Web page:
I was in the middle of washing the separator, but I stopped, and began to dry my hands on a tea towel. Her head poked in the door this time and she was even more insistent. “Hurry!” There was a definite look of fear in her eyes. I wiped any leftover water on my jeans and jumped into my wellingtons.

I came out the door and turned to the east where she pointed. “What is that?” she asked, pointing perhaps eighty yards away toward the end of the barnyard. She was standing behind me as one does when they feel the need for protection. I was standing stock still in awe of what stood before me.

“Pearl” I said over my shoulder, “what are you smoking?” Then I giggled.

She was in no mood for humor at the moment. “What is that?” She was dead serious.

“Pearl, that’s the moon.”

“No,” she countered.

“Yes it is.”

Before us sat a huge orange ball. It appeared to be two to three stories tall in diameter. It looked like it was sitting smack on the ground, as if you could walk right up to it and touch it. It was a sight I will remember the rest of my days.

I turned to Pearl who still looked a bit disbelieving and asked, “What did you think it was?”

“A UFO or something.”

I laughed softly and said something about damned city-slickers, and then I gave her a hug. We both laughed like young girls sharing yet another secret of life as we watched it all too quickly begin to seemingly shrink and rise.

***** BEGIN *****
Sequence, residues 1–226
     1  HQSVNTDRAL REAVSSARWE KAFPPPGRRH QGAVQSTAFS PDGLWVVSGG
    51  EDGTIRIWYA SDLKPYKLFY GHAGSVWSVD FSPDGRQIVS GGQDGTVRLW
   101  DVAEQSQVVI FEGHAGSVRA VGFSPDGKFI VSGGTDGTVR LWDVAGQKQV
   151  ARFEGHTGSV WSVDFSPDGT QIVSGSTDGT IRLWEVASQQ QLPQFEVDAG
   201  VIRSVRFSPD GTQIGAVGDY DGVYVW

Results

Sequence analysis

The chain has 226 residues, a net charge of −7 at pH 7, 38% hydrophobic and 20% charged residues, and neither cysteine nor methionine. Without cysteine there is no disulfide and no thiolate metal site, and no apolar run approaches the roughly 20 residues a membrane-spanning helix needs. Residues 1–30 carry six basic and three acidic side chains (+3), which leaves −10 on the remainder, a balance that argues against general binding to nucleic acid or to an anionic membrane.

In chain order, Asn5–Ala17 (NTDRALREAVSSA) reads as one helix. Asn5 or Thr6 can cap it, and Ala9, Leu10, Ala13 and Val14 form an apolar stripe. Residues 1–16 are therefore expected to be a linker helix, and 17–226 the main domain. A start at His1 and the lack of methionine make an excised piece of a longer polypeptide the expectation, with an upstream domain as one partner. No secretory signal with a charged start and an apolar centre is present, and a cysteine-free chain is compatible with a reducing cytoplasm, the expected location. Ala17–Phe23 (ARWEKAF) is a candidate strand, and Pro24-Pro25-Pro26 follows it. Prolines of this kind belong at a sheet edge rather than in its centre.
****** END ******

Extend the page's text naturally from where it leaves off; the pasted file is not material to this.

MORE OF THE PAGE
I have felt since a child that the great tracts of nature are an ongoing gift to us humans. They stand just at the end of our lanes, just out beyond our back yards or in my case at that time just where civilization melts into wilderness and there they are. In the words of Wallace Stegner, “Something will have gone out of us as a people if we ever let the remaining wilderness be destroyed … We simply need that wild country available to us, even if we never do more than drive to its edge and look in.”

And that wild country includes not just what is on the ground with us but the alluring, incalculable vastness of what also lies above us, especially on nights when it appears to have come for a visit.

Here’s what one such “moon visit” looked like in Wellington, New Zealand. Do take a peek.

https://vimeo.com/58385453

Christina Carson is author of Accidents of Birth, books one and two.

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  • Caleb Pirtle

    I have seen the moon touch the ground. I have seen it so close that it appeared to be just beyond the corn stalks on the far side of the farm. Nothing is more intriguing than the moon and all those friends it has twinkling in the sky.

    • Christina Carson

      Stunning isn’t it. How grand you’ve seen it too.

  • Darlene Jones

    I’ll never forget the night I was sleeping on a sail boat. I looked out the hatch above our heads. The sky was so full — the stars and moon beguiling.

    • Christina Carson

      I sometimes think it is a shame we waste the night sleeping when so much enchantment awaits us especially when looking up.